Written and directed by Miranda July, with a producer credit also given to Brad Pitt, Kajillionaire is the story about Old Dolio Dyne (Evan Rachel Wood), the daughter of Theresa and Robert Dyne (Debra Winger, Richard Jenkins) who have invested in her future of being a con artist. For 26 years, that’s all she has ever known. They work together on heists in and around their home in Los Angeles and at the end of the day, they split it all equally. Until one day, during a very important heist, Theresa and Robert decide to invite a stranger to join them, which soon changes everything.
You forget that Old Dolio is their daughter. This is a massive theme in the film – of how she has lost her identity, and thinks that this is the norm for her. Soon, she begins to realise that she misses something she’s never had – affection. To be loved like any child is loved by their parents. Having to explain “they’re my parents” just shows you how indifferent she is with them, how it’s not obvious who she might be because of how everyone naturally acts with one another. But does it matter when the only purpose in your life is to con people out of money?
When you meet Melanie (Gina Rodriguez), you automatically think they’re scamming her – surely? With her posh nails, fancy phone and beautiful clothing – they would be instantly attracted to her wealth. But soon, somehow, she starts to become ‘part of the family’. But it doesn’t make sense to begin with. She is the polar opposite. To quote Kate Winslet in The Holiday, “square peg, round hole”. It just confuses you, that feeling of her not being able to fit and it becomes uncomfortable. However, gradually you see how she is with Old Dolio, how they infuse together as something different. Are they friends or are they something more?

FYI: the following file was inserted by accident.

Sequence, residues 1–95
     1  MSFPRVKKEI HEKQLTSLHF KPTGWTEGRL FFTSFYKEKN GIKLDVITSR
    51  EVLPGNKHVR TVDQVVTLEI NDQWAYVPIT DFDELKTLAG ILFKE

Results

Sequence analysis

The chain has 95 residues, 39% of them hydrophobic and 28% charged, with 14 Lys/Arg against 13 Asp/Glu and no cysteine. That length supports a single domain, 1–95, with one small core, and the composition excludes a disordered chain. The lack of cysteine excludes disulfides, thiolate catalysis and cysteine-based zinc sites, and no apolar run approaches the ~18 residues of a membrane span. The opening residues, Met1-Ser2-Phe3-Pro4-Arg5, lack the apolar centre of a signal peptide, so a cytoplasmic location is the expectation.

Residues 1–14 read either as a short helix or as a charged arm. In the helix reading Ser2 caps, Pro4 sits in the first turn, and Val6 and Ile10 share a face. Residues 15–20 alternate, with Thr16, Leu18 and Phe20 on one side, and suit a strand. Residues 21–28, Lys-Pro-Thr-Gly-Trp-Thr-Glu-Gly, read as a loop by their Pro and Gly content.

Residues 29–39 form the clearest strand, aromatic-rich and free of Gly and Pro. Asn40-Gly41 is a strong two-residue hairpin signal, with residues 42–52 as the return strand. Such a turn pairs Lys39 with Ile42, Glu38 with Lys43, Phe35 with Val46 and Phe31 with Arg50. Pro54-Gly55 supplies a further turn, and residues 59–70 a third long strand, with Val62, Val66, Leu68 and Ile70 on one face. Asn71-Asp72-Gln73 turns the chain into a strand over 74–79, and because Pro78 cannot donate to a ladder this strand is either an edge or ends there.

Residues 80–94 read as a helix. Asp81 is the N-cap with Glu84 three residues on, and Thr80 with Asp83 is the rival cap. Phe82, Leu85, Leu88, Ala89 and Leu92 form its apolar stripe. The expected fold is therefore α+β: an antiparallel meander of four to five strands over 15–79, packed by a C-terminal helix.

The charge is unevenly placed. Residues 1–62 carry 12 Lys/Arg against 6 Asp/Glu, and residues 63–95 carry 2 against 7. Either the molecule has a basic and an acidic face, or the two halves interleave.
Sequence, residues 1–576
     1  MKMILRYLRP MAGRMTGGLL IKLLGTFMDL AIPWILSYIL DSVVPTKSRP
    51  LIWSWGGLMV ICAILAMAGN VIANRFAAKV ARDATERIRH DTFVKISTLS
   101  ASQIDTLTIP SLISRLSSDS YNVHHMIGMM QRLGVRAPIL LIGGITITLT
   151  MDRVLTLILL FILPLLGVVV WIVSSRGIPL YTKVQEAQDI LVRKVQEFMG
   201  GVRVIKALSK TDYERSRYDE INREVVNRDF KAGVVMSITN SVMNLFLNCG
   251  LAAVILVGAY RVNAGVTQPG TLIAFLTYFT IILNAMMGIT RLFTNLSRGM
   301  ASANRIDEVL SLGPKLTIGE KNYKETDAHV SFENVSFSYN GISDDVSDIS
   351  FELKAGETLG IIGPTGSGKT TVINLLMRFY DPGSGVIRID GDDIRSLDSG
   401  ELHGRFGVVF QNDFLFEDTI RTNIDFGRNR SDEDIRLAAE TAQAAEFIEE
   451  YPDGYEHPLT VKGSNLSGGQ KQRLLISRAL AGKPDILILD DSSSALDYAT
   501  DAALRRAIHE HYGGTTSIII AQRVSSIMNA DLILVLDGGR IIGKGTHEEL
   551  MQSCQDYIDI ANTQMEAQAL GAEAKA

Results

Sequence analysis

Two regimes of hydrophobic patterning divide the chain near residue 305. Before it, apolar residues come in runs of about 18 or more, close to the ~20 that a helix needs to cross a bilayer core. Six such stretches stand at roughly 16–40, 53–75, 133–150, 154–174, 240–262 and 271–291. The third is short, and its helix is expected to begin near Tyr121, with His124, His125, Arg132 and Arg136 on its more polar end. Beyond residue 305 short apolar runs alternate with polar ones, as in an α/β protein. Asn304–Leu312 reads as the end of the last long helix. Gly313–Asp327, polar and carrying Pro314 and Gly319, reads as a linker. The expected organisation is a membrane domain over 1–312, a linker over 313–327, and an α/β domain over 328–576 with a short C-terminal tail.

There is an instant attraction but of what kind? She makes you question the logic behind her character, how she’s too energetic for the family, too out there, too ‘normal’. But at the same time it makes perfect sense – almost as if she’s the mother Old Dolio never had but always wanted. Warm, loving, caring and kind. Someone who cares about her feelings, someone to be close to when she’s hurt – something she could never get with her own mother. Something as small as being called ‘sweetheart’, ‘hun’ or ‘baby’ to Old Dolio, is worth a thousand dollars.
Kajillionaire is funny, satirical and quirky. It excites you, but without being too melodramatic. But at times it’s heart-breaking and tragic. It pulls you into a sense of anger as the real world becomes more visible – bringing devastating consequences to life. Rodriguez and Wood are brilliant together, effortless and dynamic as is Debra Winger and Richard Jenkins. The script is clever, fun and honest, along with the carefully edited sequences and stunning cinematography. The style of filmmaking by July is very unique, open and provides you with a sense of honesty. Kajillionaire is a remarkable film, simply beautiful and heart-warming. It’s definitely a must see – even just to take your own mind off the reality of the world right now. There can be some happiness, even if it’s just on film.